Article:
Burien Actors Theater 2020 season will happen online
information from Burien Actors Theater
I think this goes without saying, that these are difficult times. However, no matter how isolating social distancing feels, even in tough times there are always things to look to for comfort. Things that take our mind off of our current situation, or at least give some sense of normalcy.
This is where the Burien Actors Theatre steps up to rescue us all from our collective quarantine induced boredom.
While BAT’s theatrical season was cut short by the current global pandemic, it isn’t going quietly or without consequence. In typical BAT fashion, it will proceed to end the season by trying something new and bold. BAT is presenting their next batch of shows over the internet, using the online video communication app Zoom. By bringing an age-old entertainment format up to speed using 21st century technology, we get what I can only assume to be one of the first theatrical presentations to be live streamed to a socially distanced audience.
BAT is planning a series of these readings, each a different show for the weekend. Starting with “The Letters”, a show that BAT had previously done, which I had the opportunity to review. While there are clear differences between each version of the production, most of the key story telling devices are still present, and may even do them slightly better.
The performance itself is a surprising trade-off, the format loses its live-and-in-person feel, for one that feels more normal for our times. It feels as if you are watching two people having a conversation via Skype, or in this case Zoom. While it did take a while to fully draw me in, once achieved it became hard to look away.
The expressions on the readers faces were right there on your screen, the tension was palpable between Anna and The Director, and their anger and frustration are clearly emoted in front of you. Each actor is shown on screen as they speak, giving back and forth dialog a sort of quick cut effect, a trick used by film directors to help a scene build tension.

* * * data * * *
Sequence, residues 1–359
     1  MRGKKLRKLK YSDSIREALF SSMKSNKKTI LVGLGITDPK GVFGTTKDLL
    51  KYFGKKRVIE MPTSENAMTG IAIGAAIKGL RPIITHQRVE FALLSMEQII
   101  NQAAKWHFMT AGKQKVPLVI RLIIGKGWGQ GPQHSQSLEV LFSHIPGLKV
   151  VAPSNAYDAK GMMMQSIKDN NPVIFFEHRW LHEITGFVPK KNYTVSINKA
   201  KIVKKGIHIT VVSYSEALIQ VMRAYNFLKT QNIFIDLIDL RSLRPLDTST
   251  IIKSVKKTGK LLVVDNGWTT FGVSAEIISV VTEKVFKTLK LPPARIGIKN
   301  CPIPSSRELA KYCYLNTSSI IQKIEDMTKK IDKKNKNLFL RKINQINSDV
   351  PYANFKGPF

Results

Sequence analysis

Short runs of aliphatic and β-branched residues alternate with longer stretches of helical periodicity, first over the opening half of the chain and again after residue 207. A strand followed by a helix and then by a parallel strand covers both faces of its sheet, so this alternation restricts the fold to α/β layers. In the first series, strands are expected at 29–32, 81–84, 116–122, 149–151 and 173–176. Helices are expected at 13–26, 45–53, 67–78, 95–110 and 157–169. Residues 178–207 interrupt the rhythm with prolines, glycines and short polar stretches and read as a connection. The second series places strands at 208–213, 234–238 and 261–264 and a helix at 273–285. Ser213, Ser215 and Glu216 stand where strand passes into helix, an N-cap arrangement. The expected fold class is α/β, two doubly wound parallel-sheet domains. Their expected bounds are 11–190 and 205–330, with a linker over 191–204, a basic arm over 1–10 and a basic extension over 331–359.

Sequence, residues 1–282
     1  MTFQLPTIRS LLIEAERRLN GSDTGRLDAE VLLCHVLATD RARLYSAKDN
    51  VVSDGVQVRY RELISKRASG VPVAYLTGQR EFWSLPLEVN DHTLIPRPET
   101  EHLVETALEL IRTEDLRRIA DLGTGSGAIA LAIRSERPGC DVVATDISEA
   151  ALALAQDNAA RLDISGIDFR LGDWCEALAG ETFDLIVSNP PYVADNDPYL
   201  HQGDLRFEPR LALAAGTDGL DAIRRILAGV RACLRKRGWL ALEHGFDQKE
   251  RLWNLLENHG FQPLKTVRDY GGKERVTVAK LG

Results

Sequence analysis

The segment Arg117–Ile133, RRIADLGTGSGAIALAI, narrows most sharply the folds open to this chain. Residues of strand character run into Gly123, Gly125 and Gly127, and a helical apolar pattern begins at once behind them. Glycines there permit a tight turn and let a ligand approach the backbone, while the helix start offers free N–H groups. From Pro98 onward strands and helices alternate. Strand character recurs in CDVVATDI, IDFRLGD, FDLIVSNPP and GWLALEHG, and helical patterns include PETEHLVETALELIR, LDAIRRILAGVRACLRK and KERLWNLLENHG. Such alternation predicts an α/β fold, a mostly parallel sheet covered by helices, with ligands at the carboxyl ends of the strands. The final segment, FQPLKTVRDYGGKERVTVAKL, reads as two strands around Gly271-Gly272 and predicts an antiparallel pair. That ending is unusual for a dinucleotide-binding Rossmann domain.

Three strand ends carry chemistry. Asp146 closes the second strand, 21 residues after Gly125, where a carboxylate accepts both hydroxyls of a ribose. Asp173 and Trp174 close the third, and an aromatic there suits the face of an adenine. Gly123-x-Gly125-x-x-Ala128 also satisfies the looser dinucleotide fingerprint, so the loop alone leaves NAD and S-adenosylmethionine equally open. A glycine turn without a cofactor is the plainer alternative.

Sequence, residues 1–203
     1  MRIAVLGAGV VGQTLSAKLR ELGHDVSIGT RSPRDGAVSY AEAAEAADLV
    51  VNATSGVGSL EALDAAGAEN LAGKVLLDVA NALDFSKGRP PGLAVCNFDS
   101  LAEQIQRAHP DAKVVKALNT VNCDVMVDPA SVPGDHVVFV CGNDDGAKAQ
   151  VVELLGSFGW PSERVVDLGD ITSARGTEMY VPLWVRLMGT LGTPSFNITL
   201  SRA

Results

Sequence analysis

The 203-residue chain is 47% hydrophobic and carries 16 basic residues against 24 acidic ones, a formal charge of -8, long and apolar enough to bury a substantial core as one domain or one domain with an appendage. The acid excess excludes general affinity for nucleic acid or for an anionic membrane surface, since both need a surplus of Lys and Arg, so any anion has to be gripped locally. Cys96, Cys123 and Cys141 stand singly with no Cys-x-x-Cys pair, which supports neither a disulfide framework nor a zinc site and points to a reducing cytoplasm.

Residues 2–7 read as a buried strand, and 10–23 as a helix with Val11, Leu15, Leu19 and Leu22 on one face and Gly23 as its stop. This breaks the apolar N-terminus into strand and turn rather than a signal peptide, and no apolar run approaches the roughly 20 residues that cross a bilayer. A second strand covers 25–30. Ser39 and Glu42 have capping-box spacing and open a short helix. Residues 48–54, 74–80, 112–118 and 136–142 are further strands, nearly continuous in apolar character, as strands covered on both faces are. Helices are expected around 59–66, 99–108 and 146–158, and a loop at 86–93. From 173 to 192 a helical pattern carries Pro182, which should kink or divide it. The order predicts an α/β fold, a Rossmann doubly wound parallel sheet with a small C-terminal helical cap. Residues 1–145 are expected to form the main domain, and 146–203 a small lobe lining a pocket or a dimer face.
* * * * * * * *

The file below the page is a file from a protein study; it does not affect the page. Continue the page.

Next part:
I found “The Letters” to be a perfect story to trial this form being a dialog dense cold war thriller. The story twists and turns through the characters discourse as the pair try to stay ahead of each other. While I found it a bit daunting sitting still for the two hour run time, it was still very much enjoyable. Never-the-less I am very excited to see the other stories that BAT has planned.
The upcoming BAT Shelter-in-place show times are as follows:
Ripcord – A comedy about a pair of feuding widows, fighting over the bed next to a window in an assisted living facility. Airs May 16 @ 8pm and May 17 @ 2pm
Zombie – An adaptation of a Joyce Carol Oates novella about a psychopathic pedophile who tries to turn its victims into the living dead. Airs May 30 @ 8pm and May 31 @ 2pm
Hindle Wakes – A period piece set in a 1912 United States that examines gender relations and societal expectation from over a century ago. Airs June 13 @ 8pm and June 14 @ 2pm
They Promised Her the Moon – The inspiring true story of Jerrie Cobb, detailing the life of a world record breaking aviator and almost astronaut. Airing June 27 @8pm and June 28 @ 2pm
The Burien Actors Theatre is taking donations for a link to the stream. A more detailed description of each production, as well as donation links, can be found at https://burienactorstheatre.org/shows/shelter-in-place-season-2020/.
While this is not the same as going to see an actual BAT show, it does offer a number of comforts to the alternative. Snacks and drinks are only limited to what you have at home. Clothing is optional, as long as you avoid using your webcam.
I would also advise you start the Zoom meeting at least 15 to 20 minutes early to setup the meeting and properly mute your microphone and/or webcam, as these are the primary functions of the Zoom app. You should be greeted in the virtual lobby by music, and those running the show should be able to help anyone who is having trouble muting their mic.